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Melissa McClure

Melissa McClure is an Assistant Professor at Leiden Observatory.

Her group combines ground- and space-based observations and radiative transfer models to trace how the molecular building blocks of life evolve from their origins as ices in dense molecular clouds to their incorporation into rocky planetesimals and young protoplanets embedded within protoplanetary disks. She is the PI of the three JWST Cycle 1 programs (~75 hours) dedicated to this theme: the Early Release Science program, "Ice Age", and two GO programs, "It's COMplicated" and "MIDAS". Observational results from these three programs will be directly comparable with laboratory experiments and theory in InterCat's Themes 3 and 4.

 

Assistant Professor

 

  +31 71 527 5737
mcclure@strw.leidenuniv.nl

Work address: Leiden Observatory / HL516c

Visitor address: Niels Bohrweg 2, NL-2333 CA Leiden
Postal address: PO Box 9513, NL-2300 RA Leiden  


Research profile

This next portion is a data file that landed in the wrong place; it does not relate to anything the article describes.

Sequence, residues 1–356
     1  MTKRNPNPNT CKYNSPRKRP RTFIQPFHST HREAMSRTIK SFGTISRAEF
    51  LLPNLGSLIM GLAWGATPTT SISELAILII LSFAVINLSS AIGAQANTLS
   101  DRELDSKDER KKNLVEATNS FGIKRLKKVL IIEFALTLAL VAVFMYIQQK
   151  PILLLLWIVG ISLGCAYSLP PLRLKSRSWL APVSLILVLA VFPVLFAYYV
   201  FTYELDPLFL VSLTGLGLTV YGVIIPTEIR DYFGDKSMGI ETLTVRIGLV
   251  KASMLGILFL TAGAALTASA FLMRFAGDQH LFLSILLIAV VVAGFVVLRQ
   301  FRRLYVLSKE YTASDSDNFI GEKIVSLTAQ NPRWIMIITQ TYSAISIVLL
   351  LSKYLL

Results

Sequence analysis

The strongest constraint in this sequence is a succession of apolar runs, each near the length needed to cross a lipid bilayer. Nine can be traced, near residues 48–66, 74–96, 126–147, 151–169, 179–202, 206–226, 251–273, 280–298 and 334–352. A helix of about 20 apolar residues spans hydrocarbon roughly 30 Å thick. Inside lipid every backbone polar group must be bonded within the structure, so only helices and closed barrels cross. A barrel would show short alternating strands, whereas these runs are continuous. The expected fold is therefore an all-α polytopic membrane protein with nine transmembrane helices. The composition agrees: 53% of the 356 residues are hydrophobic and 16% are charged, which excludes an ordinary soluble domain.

My research aims to understand how complex organic molecules (COMs) are formed and distributed in regions where stars are formed. To achieve this goal, I have used particle accelerators in France and synchrotron light (Brazil) sources to study the formation of COMs via energetic processes. Next, I derived the refractive index of these molecules and used them to interpret space-based (ISO, Spitzer) spectra of protostars. For the next Era, I focused on the development of new approaches to interpret those observations, which resulted in an artificial intelligence technique to find spectral signatures of COMs in space - the ENIIGMA code. Some highlights of my past research are: (i) there is evidence of energetic processing of ices toward protostars and (ii) the external irradiation field of OB stars modify the ice reservoir extent in protostellar envelopes. Currently, I am providing the astrochemical community with a comprehensive database of laboratory data and tools to be used in the next Era with JWST. With JWST, I will contribute as PI and Co-I of different proposals, to enlarge the amount of COMs detected in star- and planet-forming regions, as well as will provide essential laboratory data for those discoveries.